Highland Road Community Park
—Atchafalaya Water Heritage Trail —
Bayou Fountain was once connected to the Mississippi River when springtime flooding flowed over the natural levees just below downtown Baton Rouge, entering the swamps to the east of the river.
Bayou is a word used frequently to describe waterbodies commonly found in Louisiana’s Mississippi and Atchafalaya river deltas. Bayous are typically found in flat, low-lying areas and can be slow-moving streams, rivers, marshes or wetlands. Those close to the coast reverse course on a daily basis, responding to tidal influences from the Gulf of Mexico. Bayous are sometimes anabranches, or minor, very slow-moving parts of a braided river—a network of channels separated by small and often temporary islands—and they support a variety of crustaceans, fish, reptiles, birds and mammal life.
Bayou Fountain begins at the foot of the Baton Rouge Lakes just outside of downtown Baton Rouge. The bayou’s course flows between the natural levee of the Mississippi River to the west and the Pleistocene terrace to the east. Bayou Fountain was once connected to the Mississippi River when springtime flooding flowed over the natural levees just below downtown Baton Rouge, entering the swamps to the east of the river along Nicholson Drive and continuing on to what is now Old South Baton Rouge. The water would then return to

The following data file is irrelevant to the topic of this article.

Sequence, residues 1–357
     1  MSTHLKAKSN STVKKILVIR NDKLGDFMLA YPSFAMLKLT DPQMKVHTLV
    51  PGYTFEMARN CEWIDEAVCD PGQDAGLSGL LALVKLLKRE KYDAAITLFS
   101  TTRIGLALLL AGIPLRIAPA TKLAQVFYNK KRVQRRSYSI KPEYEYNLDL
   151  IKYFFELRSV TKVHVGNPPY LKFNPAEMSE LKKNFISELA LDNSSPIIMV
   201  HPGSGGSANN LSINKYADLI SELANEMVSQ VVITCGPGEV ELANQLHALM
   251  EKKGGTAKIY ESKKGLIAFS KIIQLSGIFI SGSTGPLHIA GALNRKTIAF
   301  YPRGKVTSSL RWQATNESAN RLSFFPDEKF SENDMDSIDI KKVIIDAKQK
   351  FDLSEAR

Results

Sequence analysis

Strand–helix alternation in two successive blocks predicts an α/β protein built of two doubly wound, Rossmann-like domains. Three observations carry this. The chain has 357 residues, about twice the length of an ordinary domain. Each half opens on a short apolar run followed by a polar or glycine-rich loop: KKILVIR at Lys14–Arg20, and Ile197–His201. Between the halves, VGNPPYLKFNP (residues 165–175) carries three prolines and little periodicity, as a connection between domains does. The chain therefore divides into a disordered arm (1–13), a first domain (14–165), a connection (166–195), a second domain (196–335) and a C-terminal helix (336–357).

Bayou Fountain was once an important means of transportation for American Indians and early colonial settlers to the area. Its geomorphological position as a waterbody close to a high terrace also made it a favorable location for settlement. In modern times it became a continual victim of urban runoff. Fallen trees and captured debris also made the stream impassable and degraded its flood carrying capacity. Community efforts in recent years have helped to clear several miles of these log and trash jams from Highland Road Park to Bayou Manchac.
Visit Atchafalaya.org for more information about this site.
This site’s geology/geomorphology: Pleistocene alluvial deposits of coastal plain streams blanketed by Peoria Loess.
Erected by State of Louisiana and National Park Service.
Marker series. This marker is included in the Atchafalaya Water Heritage Trail marker series.
Location. 30° 20.841′ N, 91° 4.705′ W. Marker is in Baton Rouge, Louisiana, in East Baton Rouge Parish. Marker can be reached
Other nearby markers. At least 8 other markers are within 5 miles of this marker, measured as the crow flies. William Bartram Trail (approx. 1.2 miles away); Bluebonnet Swamp (approx. 2.2 miles away); BREC's Bluebonnet Swamp Nature Center (approx. 2.2 miles away); Dutch Highlands (approx. 2.6 miles away); Bayou Paul Colored School (approx. 3.7 miles away); a different marker also named William Bartram Trail (approx. 4½ miles away); a different marker also named William Bartram Trail (approx. 4.6 miles away); Germain Bergeron House (approx. 4.8 miles away). Touch for a list and map of all markers in Baton Rouge.
Categories. • Environment • Waterways & Vessels •
Credits. This page was last revised on December 23, 2017. This page originally submitted on December 23, 2017, by Cajun Scrambler of Assumption, Louisiana. This page has been viewed 62 times since then and 7 times this year. Photos: 1, 2, 3. submitted on December 23, 2017.